• The exercise habit is kicking back in. It helps that the weather is warmer this week and I’ll be able to run outside over the weekend. That will also help with sleep and appetite.
  • By tomorrow, I’ll probably be caught up on my work, and I’ll feel good about that.

Am I looking forward to my next trip? Yes, but I’m glad it won’t be for at least a month. While I relish the challenge and stimulation of travel and new experiences, I’m happy now for the comfort and well-being of home and habit.

5 Intentions for a Happy Thanksgiving

Six days and counting until Thanksgiving…what will your holiday look like? Calm or frantic? Happy or conflicted? Holidays can be stressful, often bringing out the worst in us if we let them. In yoga class, our teacher sometimes asks us to “set an intention” for the practice: something that we would like to focus on or work toward. In that spirit, here are my intentions for the next few days; maybe they will work for you too:

1. Spend time each day planning for the next one.

Time management gurus like Brian Tracy say that each minute spent planning will save 5 to 10 minutes in carrying out the task. This can be accomplished by sitting down each evening for 5 minutes to make lists, check the next day’s calendar, and block out time for priority tasks. Focusing on the most important tasks for each day, dividing them up to correspond with blocks of free time, and eliminating unnecessary tasks will help each day be more productive.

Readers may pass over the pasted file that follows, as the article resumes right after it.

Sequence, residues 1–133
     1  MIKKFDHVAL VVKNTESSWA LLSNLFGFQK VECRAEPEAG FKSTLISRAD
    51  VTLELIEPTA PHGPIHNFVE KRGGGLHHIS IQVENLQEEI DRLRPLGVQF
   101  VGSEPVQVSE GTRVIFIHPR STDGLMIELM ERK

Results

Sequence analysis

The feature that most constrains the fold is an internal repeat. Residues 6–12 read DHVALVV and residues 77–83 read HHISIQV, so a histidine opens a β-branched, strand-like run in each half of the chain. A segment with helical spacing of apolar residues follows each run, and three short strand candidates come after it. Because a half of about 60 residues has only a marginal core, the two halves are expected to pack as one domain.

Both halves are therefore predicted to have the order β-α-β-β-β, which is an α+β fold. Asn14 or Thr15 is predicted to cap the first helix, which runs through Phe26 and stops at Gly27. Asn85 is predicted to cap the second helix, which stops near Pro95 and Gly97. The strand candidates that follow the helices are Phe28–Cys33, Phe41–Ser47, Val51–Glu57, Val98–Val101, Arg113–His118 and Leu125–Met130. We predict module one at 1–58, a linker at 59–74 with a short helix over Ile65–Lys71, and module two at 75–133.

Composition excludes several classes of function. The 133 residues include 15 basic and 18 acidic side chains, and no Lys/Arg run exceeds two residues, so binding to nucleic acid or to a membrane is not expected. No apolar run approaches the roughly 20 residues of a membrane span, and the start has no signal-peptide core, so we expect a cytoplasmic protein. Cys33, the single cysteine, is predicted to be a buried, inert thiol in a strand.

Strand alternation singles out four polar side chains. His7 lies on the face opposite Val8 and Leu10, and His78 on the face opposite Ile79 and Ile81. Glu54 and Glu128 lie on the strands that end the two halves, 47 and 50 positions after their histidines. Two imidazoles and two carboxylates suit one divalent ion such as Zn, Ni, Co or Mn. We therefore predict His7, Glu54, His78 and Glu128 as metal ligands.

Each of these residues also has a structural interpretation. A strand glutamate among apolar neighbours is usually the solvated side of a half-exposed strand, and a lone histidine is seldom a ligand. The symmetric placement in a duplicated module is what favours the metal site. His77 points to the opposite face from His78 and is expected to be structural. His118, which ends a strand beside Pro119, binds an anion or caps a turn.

2. Ask for and accept help; take shortcuts when they serve me.

No one can do it all. So let go of the perfectionist tendencies and controlling instincts. Graciously allow others to help with the shopping, cook part of the meal, or set the table. Most likely they will be glad to be asked. Buy some foods already-prepared, especially the ones you don’t excel at or find tedious to prepare (gravy comes to mind!)

3. Take care of myself.

When people feel better, they can be more present for those they care about. During stressful holiday times, it is more important than ever to make health a priority. Exercising will give you more energy. Drinking plenty of water will help fight fatigue and improve appearance. Eating healthy in the days leading up to Thanksgiving feels good and allows for guilt-free splurging on the big day. And if stress catches up with you anyway, take five minutes just to sit and breathe.

4. Have fun each day.

Scheduling time for play or recreation is part of time management too. We all deserve a break to watch a funny movie or play a game with the family. These shared experiences will become part of everyone’s memories of the holiday.

5. Remember to be thankful.

Voltaire once said that “the perfect is the enemy of the good”, and the Thanksgiving holiday is a good time to think about what that means. Don’t strive for a perfect meal worthy of Martha Stewart, but one that will be joyfully eaten with family and friends. If your home isn’t perfectly cleaned and decorated, be glad that it is full of warmth and good cheer. Replace criticism of loved ones with appreciation, even with all of their quirks and imperfections.

As I celebrate Thanksgiving, I will keep these words of Thornton Wilder in mind: “We can only be said to be alive in those moments when our hearts are conscious of our treasures.”